Once property tax bills hit the mail, that’s precisely how long you have to file an appeal based on value, according to Joe Wszolek, president-elect of the Greater Northwest Indiana Association of REALTORS® (GNIAR), and an Indiana Certified Level III Assessor/Appraiser who serves as president of the Property Tax Assessment Board of Appeals (PTABOA) for the Porter County Assessor.
While Porter County residents had the opportunity to review a Notice of Assessment of Land and Improvements “Form 11” in October, which then sets the 45-day window for appeal in motion for them, Lake County residents will be waiting until their bills hit the mail in order for the 45-day clock to start ticking.
According to the latest check on the Tax Record website at in-lake-treasurer2.governmax.com, they were last updated on April 10, and if you’re bill is paid through escrow like mine, there’s a red message that reads:
“Our records indicate that the property taxes were billed to a lender.”
Several tables of information follow that, explaining how your “2013 pay 2014” Property Taxes are calculated, leading up to the First Installment (Spring) Amount Due, which is delinquent after Monday, May 12, 2014, and Second Installment (Fall) Amount Due, which is delinquent after Monday, November 10, 2014.
Those payment dates apply for all Indiana residents – Porter County included (their tax bills were mailed out early last week).
However, the big difference between Lake and Porter County is the ability to review “Form 11” and file an appeal well before the actual bills hit the mail.
“Porter County Assessor Jon Snyder has completed work on approximately 1,900 tax assessment appeals that were filed in the fall,” Wszolek said. “He made it a goal for his office to complete the work on these appeals in time for the spring tax statements so they would reflect credits rather than refunds, which are more costly to the county.”
Whether you live Porter County and have already received your “Form 11” or you live Lake County and receive your tax bill in the mail at some point this spring, 45 days is the magic number to remember.
“For Lake County residents the 45 days start with the date of mailing for the actual tax bill,” Wszolek explained. “Stating that your taxes are too high is not grounds for an appeal, however if you can prove that the assessment based on value is too high you have grounds for an appeal. It’s important to remember that you must adhere to that 45-day limit, and no evidence is necessary to file an appeal. However, you do need to fill out a form that’s available online, and it’s my recommendation that you make a copy of it and have the Assessor date stamp your copy so you have a record that you filed within the 45 days.”
To begin gathering your evidence, Wszolek said you need to physically go to the Lake County Assessor’s Office or your local Township Assessor’s Office if you live in Calumet, Cedar Creek, Center, Eagle Creek, Hanover, Hobart, North, Ross, St. John, Winfield or West Creek Townships – North Township is only available a the Lake County Assessor’s Office – and request a copy of your record card. While some of the information is online in Lake County, the actual record card will provide more detail. (Porter County residents can retrieve their actual record cards online.)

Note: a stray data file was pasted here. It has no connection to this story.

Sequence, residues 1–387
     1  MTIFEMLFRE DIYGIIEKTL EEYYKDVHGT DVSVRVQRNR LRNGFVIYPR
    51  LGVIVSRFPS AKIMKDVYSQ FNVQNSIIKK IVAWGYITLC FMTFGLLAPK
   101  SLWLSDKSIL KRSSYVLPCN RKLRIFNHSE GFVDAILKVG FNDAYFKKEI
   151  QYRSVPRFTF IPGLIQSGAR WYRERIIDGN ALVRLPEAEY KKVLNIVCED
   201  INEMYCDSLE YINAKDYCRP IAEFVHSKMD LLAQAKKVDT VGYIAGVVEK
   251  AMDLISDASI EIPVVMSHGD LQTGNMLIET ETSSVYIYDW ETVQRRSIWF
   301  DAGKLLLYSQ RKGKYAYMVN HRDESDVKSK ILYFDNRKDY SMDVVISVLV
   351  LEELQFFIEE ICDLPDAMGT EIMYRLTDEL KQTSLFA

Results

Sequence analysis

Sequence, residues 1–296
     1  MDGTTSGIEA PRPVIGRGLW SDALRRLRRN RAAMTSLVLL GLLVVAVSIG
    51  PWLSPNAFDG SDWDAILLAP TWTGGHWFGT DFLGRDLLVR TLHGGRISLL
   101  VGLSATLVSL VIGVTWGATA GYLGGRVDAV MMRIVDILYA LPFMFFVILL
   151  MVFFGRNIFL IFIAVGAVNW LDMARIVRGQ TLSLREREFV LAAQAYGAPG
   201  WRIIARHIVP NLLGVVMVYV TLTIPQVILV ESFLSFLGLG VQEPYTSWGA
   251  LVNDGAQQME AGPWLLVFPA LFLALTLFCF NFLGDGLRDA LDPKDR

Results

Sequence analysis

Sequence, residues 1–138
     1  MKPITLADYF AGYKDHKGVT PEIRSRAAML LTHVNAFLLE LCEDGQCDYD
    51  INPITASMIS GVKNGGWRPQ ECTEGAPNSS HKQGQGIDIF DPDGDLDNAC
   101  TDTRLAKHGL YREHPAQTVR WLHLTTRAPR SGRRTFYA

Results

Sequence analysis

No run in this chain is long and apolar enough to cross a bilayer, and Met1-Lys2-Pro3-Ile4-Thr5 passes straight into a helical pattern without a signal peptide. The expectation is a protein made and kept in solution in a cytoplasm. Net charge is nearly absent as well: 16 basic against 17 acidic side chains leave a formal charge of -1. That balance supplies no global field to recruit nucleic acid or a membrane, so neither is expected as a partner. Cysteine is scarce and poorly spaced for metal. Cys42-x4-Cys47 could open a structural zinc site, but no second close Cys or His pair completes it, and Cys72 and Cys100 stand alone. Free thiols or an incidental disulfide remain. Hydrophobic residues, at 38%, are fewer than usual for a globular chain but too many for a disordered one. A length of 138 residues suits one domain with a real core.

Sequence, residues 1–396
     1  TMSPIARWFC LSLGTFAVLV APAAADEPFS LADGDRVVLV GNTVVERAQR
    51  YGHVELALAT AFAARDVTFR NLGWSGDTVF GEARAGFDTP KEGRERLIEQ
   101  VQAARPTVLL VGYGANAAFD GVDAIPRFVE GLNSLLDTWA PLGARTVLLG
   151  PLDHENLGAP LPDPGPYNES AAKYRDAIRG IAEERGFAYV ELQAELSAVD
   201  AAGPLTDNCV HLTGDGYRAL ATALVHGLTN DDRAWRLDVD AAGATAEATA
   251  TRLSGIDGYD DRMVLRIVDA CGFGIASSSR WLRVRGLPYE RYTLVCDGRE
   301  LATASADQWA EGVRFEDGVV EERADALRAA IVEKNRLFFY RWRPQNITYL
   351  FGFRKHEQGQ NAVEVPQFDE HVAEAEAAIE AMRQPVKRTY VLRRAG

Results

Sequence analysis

“You’ll want to start with the physical attributes of your property - square footage, number of plumbing fixtures, finished or unfinished basement, garage, covered porch, patio and so on,” he added. “If you find that these are not correct, you can use ‘Form 133’ to Petition for a Correction of an Error. This form can be filed at any time (the 45-day window does not apply) and any correction will be made for three years if applicable – including the current tax year and two previous years. There’s a good chance once you correct the physical it can bring down your value. But, if everything is right with the physical, then you will need to gather market evidence for your ‘Form 130’ Property Tax Assessment Appeal, and it’s important to realize that an appeal for value applies only to the the current tax year.”
According to Wszolek, you will need concrete evidence and the best evidence is a market-based sale of that date range (2013 pay 2014 assessment are based on sales from 2013 and the first two months of 2014) would be with the listing history where the sale was between unrelated parties, the house was on the market for a reasonable amount of time and there was no undue influence during the transaction. The next best evidence is an appraisal by a licensed appraiser.
“In the property tax appeal process we are looking at market value in use versus market value,“ he explained. “The assessed value should reflect the amount a willing buyer would pay for the property at the time of the assessment.”
Once the written notice of appeal based on value is filed, the local assessing official will forward it to the county PTABOA and attempt to hold a preliminary meeting to resolve as many issues as possible. The assessing official will forward a copy of the results of the preliminary meeting to PTABOA, which will review the agreement (if one is reached) and may change the assessment. If an agreement was not reached or if an informal meeting was not held, PTABOA must hold a hearing within 180 days of the filing of an appeal, giving the taxpayer at least 30 days notice of the hearing date. After the hearing, a decision is rendered, and PTABOA will issue a written determination. If the taxpayer disagrees with the final determination, or PTABOA does not hold a timely hearing or give notice of the decision within 120 days after the hearing, the taxpayer may appeal to the Indiana Board of Tax Review (IBTR), which is the final decision maker in the process.